Office of Undergraduate Research announces fall URCA award winners

East Carolina University’s Office of Undergraduate Research announced that 38 students will receive fall Undergraduate Research and Creative Activity awards.

The award provides support for faculty-mentored research and creative projects led by undergraduate researchers in four disciplines including biomedical science, STEM, social science, and the arts and humanities.

Undergraduate Research and Creative Activity awards are announced twice during the academic year. Students apply for the award with a developed project narrative and budget justification summary that they’ve developed in collaboration with a mentor.

Awards range from $1,500-2,000 for each project. Honors College recipients can be awarded up to $2,500 with support from the college. The award may go toward project materials and cost, a stipend for the student, or used for travel to conduct field or archival research. Award recipients are required to present their findings at venues including Undergraduate Day during ECU’s Research and Creative Achievement Week and the State of North Carolina Undergraduate Research and Creativity Symposium held in November.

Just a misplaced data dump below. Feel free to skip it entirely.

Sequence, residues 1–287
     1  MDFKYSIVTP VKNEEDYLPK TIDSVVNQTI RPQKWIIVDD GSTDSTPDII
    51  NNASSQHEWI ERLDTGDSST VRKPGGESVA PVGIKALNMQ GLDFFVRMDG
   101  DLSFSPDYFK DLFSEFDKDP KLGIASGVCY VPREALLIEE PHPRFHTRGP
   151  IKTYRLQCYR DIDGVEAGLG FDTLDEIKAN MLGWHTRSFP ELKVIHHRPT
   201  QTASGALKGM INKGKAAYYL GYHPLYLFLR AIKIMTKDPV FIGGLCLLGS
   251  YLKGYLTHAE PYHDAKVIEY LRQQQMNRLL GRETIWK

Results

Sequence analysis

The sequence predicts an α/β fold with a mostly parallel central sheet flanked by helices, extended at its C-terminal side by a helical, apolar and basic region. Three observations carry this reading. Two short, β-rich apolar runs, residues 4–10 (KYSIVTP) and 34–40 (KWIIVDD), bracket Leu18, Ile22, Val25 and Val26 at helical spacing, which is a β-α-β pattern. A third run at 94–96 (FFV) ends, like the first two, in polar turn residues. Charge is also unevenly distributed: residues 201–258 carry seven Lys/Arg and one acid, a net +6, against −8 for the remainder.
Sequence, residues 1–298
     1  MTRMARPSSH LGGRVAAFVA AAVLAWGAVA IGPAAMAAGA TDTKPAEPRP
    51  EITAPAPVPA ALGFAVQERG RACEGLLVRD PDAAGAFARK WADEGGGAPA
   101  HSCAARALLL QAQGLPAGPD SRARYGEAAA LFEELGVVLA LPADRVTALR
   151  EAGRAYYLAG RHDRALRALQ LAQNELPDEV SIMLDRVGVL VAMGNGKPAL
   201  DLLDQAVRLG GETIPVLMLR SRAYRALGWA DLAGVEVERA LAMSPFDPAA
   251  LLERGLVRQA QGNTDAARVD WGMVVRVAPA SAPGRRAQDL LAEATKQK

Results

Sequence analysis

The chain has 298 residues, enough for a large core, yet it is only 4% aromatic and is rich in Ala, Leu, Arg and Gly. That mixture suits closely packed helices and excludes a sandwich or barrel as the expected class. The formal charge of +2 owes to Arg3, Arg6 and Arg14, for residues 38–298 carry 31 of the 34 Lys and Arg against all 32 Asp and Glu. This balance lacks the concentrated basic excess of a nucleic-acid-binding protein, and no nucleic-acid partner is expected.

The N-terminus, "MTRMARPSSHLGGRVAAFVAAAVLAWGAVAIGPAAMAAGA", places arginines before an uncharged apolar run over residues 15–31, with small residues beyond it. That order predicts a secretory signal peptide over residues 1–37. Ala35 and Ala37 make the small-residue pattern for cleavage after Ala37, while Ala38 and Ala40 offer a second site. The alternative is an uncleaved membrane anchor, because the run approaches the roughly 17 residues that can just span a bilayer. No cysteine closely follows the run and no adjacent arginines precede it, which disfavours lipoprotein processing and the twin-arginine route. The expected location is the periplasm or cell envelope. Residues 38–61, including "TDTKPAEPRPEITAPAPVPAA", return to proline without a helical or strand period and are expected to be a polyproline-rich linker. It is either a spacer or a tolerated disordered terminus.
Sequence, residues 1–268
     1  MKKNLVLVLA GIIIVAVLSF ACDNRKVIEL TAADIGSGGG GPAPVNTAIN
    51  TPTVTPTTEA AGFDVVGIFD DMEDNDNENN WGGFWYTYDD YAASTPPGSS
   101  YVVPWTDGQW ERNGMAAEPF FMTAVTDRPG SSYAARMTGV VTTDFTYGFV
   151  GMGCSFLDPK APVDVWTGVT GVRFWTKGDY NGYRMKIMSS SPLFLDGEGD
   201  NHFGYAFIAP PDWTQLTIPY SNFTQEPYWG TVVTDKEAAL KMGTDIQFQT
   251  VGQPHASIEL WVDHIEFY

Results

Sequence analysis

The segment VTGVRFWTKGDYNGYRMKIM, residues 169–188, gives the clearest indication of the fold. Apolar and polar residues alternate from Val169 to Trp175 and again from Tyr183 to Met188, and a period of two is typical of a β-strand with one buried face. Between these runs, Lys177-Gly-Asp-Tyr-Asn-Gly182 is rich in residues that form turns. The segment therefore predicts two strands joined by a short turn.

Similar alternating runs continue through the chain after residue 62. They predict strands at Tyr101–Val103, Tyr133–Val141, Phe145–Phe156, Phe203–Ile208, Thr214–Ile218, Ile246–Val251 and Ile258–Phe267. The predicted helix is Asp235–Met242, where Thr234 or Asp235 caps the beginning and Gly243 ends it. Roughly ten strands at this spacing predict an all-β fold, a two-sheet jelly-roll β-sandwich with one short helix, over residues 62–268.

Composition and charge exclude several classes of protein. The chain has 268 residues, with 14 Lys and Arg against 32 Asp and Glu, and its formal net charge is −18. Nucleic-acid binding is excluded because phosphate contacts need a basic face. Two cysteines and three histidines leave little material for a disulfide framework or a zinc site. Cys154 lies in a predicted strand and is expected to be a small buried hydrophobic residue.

“The URCA award program is a long-standing tradition at ECU and is our largest single output of funds, accounting for 80 percent of the office’s budget,” said Mary Farwell, director of undergraduate research. “The Academic Council has generously provided increased support over the last several years to keep up with demand. The partnership between our office and the Honors College is a welcome change that allows a more equitable and sustainable approach to funding thesis projects.

“The quality of the research and creative projects have increased substantially since I began as director 10 years ago,” she said. “I very much appreciate faculty mentors and their hard work in supporting these student-led projects.”

This year’s URCA award recipients are:

  • Jocelyn Bayles, nutrition science, “Can food-based learning improve preschoolers vegetable intake?”
  • Lesley Benderman, anatomy and cell biology, “Investigate the role of claudin-7 in intestinal stem cell functions”
  • Hannah Black, biomechanics, “High intensity weightlifting mechanical analysis”
  • Timothy O’Quinn Boykin, anthropology, “Prehistoric artifact classification at Raven Rock State Park”
  • Joshua Butler, engineering, “3D printing patient-specific images for preoperative planning”
  • Mina Chanakira, chemistry, “Investigating protein folding stability and Cu2+ binding ability of a new class of ferroxidase from brucella spp.”
  • Katie Collins, foreign languages and literatures, “Chekhov and Shakespeare on the modern stage: two plays in one show”
  • Caleb Collins, chemistry, “Use of HPLC column retention probes to predict pharmaceutical method development direction”
  • Sean Cone, physics, “Studying the breakdown of fibrin initiated by tPA”